hutchphd said:
OMG. There is a picture in #1 which defines the q3′ and q4′. These are unknown. Don't define anything else. Write down two equations (charge conservation and capacitance/ voltage). Solve for the two unknowns.

I agree with this. I suggest not to think too complicated for the time being. First, write down the equations for the system according to the definition of capacitor ##~VC=Q ~## , and then solve them.

Delta2 said:
Well we don't know it a priori, we have to do the math first. But then how do we right down the charge conservation equation? We would have to write it down as ##q_3-q_4=q_3'+q_4'## and since we don't know whether ##q_3',q_4'## are positive or negative, when we form the equation for the voltages we would have to put them inside absolute values i.e. $$\frac{|q_3'|}{C_3}=\frac{|q_4'|}{C_4}$$ and when solving the system of equations we would have to take cases for ##q_3'## and ##q_4'##.

According to the logic you mentioned, we end up with the following two equations. Equation 1 is obtained by applying conservation of charge rule to left plates of up and down capacitors. Equation 2 is obtained by considering that at equilibrium the voltage drop across top and down capacitors must be equal else electrons flow would be there (V = Q/C for a capacitor).

##+18-24=q_3'+q_4' \text { ....(1)}##
##\dfrac{|q_3'|}{3}=\dfrac{|q_4'|}{4} \,\,\,\,\,\,\,\,\,\,\,\,\,\,\,\,\,\,\,\, \text { ....(2)} ##

From equation 1 we can say that ##q_3' = -6 - q_4'##. We substitute this into equation 2 to get the following.
##\dfrac{| -6 - q_4'|}{3}=\dfrac{|q_4'|}{4} \text { ....(2)} ##

We can use a simple mathematical trick here which says that if ##|{a}| = |{b}|## then ## a =\pm b## to reduce equation 2 to the following form.
##\dfrac{(-6 - q_4')}{3}= \pm \dfrac{q_4'}{4} \text { ....(2)} ##

Solving above equation 2 we get following two sets of solutions.

CASE 1:
##q_4' =-\dfrac {24} {7} = -3.43 \, \mu \text{C} \text { and } q_3' =-\dfrac {14} {7} = -2.57 \, \mu \text{C}##

Case 2:
##q_4' =-24 \, \mu \text{C} \text { and } q_3' =18 \, \mu \text{C}##

The answer is the values in Case 1, which also tells us that the left plates of up and down capacitors become negatively charged.
My question now is why would Case 2 be ignored? May be because the values are same as before the capacitors are connected or some other reason.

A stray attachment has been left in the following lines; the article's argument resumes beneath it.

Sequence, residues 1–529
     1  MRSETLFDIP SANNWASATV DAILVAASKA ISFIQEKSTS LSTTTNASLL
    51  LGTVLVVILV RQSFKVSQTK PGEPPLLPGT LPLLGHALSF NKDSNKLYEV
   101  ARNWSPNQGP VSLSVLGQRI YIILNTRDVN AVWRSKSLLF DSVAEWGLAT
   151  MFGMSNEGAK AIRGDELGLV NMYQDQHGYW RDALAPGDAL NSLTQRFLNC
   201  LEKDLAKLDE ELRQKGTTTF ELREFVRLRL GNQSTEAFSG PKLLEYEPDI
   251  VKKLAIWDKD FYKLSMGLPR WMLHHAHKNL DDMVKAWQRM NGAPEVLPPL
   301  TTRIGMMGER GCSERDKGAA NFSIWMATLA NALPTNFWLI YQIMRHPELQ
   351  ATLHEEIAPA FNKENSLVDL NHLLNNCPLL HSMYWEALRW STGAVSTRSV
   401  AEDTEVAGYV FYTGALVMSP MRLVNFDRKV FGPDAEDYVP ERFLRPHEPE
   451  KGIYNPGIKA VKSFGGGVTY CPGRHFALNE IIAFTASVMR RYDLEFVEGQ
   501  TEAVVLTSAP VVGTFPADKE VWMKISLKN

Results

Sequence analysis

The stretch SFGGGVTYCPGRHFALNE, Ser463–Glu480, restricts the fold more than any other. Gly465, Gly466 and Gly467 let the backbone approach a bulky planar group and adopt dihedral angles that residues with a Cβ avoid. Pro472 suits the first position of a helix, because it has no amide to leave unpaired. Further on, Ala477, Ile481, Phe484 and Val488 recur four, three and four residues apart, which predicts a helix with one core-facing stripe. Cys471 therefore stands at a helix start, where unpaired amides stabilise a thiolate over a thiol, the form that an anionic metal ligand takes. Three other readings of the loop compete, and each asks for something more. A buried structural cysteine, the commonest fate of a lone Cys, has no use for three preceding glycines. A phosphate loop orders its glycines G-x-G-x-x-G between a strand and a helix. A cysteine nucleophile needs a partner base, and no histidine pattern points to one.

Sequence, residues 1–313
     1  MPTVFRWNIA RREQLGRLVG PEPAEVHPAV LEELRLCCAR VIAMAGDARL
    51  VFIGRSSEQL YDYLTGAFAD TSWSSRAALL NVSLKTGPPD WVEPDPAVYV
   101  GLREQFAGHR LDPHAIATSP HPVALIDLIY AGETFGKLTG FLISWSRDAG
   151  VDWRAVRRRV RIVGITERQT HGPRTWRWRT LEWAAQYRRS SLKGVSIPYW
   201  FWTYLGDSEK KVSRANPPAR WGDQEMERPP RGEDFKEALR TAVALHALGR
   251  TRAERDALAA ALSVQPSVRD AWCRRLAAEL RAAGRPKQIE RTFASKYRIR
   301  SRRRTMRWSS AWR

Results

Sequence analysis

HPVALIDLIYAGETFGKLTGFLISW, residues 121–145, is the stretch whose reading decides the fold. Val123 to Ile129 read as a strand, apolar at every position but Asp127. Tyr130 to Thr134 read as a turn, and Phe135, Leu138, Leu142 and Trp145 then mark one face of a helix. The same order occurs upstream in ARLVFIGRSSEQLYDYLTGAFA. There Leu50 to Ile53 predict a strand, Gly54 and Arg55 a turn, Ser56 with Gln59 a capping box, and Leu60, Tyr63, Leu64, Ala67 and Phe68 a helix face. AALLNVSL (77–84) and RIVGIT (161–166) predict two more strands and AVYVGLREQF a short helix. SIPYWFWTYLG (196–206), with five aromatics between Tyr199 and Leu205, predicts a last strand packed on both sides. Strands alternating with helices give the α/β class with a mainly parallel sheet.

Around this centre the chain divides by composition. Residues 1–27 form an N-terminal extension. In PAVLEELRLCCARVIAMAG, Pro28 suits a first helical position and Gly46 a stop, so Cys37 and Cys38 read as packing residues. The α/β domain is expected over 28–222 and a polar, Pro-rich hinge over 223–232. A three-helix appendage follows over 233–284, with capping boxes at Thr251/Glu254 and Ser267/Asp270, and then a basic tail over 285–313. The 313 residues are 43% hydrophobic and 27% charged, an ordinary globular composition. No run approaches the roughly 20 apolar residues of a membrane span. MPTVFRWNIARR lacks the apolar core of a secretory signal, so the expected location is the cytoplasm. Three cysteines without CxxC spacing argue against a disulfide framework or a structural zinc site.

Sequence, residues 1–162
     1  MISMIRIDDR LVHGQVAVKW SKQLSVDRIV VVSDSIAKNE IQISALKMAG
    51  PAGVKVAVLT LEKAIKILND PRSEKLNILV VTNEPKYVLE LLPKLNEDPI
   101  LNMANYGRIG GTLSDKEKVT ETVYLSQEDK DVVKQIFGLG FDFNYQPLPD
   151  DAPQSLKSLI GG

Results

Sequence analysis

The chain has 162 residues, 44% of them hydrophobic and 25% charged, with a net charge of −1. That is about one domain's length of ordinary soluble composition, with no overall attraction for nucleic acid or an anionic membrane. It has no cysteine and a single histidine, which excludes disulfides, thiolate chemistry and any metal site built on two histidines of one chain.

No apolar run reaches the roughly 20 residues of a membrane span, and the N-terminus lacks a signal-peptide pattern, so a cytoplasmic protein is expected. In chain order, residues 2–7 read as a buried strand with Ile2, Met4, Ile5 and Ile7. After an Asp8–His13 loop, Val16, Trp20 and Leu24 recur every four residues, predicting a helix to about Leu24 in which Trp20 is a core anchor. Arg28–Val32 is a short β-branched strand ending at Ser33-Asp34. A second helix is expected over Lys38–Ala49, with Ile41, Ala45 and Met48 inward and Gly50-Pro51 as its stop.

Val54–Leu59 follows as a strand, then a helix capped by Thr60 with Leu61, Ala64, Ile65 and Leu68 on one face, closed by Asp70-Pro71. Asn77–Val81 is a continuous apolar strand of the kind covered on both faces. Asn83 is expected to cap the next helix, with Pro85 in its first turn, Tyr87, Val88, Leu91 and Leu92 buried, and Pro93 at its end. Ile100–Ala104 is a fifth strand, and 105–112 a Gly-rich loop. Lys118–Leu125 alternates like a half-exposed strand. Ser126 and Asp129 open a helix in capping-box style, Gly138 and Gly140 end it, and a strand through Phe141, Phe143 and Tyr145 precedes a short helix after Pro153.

Last edited:
• Delta2
Case 2 is ignored because the charges are not of the same sign

• vcsharp2003
Delta2 said:
Case 2 is ignored because the charges are not of the same sign

Also, we could ignore it because some electrons will always be transferred from -ve left plate of down capacitor to +ve left plate of top capacitor which would change the charge values on both the left plates. Is that right?

Yes, that's the process I talk about in post #15. Once this process start it will end with same sign charge in the connected plates, otherwise the connected plates won't be on equal potential. One plate would have negative potential and the other would have positive (according to their charges that is).

Last edited:
• vcsharp2003
Delta2 said:
Yes, that's the process I talk about in post #15. Once this process start it will end with same sign charge in the connected plates, otherwise the connected plates won't be on equal potential. One plate would have negative potential and the other would have positive (according to their charges that is).

I find your approach is very precise and rigorous because it assumes even the signs of final charges on left plates as unknowns, and also the way you explained how charge conservation is applied is so much to the point. Top quality approach and as a result I fully understand the concepts now. Thankyou for your help.

• Delta2
vcsharp2003 said:
I find your approach is very precise and rigorous because it assumes even the signs of final charges on left plates as unknowns, and also the way you explained how charge conservation is applied is so much to the point. Top quality approach and as a result I fully understand the concepts now. Thankyou for your help.
Thank you, these words are the best reward for me.

• vcsharp2003